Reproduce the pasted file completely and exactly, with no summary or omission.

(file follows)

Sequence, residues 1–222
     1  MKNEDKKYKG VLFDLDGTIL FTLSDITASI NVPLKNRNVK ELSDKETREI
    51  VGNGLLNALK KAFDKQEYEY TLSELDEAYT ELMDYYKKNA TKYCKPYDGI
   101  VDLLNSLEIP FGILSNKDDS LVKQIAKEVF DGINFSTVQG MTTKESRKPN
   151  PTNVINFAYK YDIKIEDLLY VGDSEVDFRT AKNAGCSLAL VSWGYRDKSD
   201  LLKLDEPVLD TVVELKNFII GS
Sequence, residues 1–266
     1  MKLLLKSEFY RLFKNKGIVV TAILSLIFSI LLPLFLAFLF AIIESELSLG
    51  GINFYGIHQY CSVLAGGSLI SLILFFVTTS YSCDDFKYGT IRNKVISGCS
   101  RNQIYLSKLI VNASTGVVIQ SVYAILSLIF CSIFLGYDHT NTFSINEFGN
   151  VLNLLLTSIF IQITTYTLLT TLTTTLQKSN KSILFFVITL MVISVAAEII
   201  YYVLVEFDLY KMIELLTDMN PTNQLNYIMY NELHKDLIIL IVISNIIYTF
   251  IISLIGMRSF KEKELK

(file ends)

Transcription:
Sequence, residues 1–222
     1  MKNEDKKYKG VLFDLDGTIL FTLSDITASI NVPLKNRNVK ELSDKETREI
    51  VGNGLLNALK KAFDKQEYEY TLSELDEAYT ELMDYYKKNA TKYCKPYDGI
   101  VDLLNSLEIP FGILSNKDDS LVKQIAKEVF DGINFSTVQG MTTKESRKPN
   151  PTNVINFAYK YDIKIEDLLY VGDSEVDFRT AKNAGCSLAL VSWGYRDKSD
   201  LLKLDEPVLD TVVELKNFII GS
Sequence, residues 1–266
     1  MKLLLKSEFY RLFKNKGIVV TAILSLIFSI LLPLFLAFLF AIIESELSLG
    51  GINFYGIHQY CSVLAGGSLI SLILFFVTTS YSCDDFKYGT IRNKVISGCS
   101  RNQIYLSKLI VNASTGVVIQ SVYAILSLIF CSIFLGYDHT NTFSINEFGN
   151  VLNLLLTSIF IQITTYTLLT TLTTTLQKSN KSILFFVITL MVISVAAEII
   201  YYVLVEFDLY KMIELLTDMN PTNQLNYIMY NELHKDLIIL IVISNIIYTF
   251  IISLIGMRSF KEKELK